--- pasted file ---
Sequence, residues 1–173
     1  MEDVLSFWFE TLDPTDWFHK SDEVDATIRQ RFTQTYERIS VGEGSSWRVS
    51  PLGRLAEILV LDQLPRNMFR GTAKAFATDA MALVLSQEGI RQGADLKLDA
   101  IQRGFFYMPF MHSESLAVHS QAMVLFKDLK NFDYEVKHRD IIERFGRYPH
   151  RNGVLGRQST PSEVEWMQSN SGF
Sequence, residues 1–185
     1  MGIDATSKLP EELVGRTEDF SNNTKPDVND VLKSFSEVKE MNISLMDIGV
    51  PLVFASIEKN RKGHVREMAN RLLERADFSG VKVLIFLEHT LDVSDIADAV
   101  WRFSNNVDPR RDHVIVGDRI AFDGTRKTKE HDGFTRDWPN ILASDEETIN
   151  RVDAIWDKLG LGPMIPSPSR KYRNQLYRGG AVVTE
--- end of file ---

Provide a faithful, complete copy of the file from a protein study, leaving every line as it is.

Sequence, residues 1–173
     1  MEDVLSFWFE TLDPTDWFHK SDEVDATIRQ RFTQTYERIS VGEGSSWRVS
    51  PLGRLAEILV LDQLPRNMFR GTAKAFATDA MALVLSQEGI RQGADLKLDA
   101  IQRGFFYMPF MHSESLAVHS QAMVLFKDLK NFDYEVKHRD IIERFGRYPH
   151  RNGVLGRQST PSEVEWMQSN SGF
Sequence, residues 1–185
     1  MGIDATSKLP EELVGRTEDF SNNTKPDVND VLKSFSEVKE MNISLMDIGV
    51  PLVFASIEKN RKGHVREMAN RLLERADFSG VKVLIFLEHT LDVSDIADAV
   101  WRFSNNVDPR RDHVIVGDRI AFDGTRKTKE HDGFTRDWPN ILASDEETIN
   151  RVDAIWDKLG LGPMIPSPSR KYRNQLYRGG AVVTE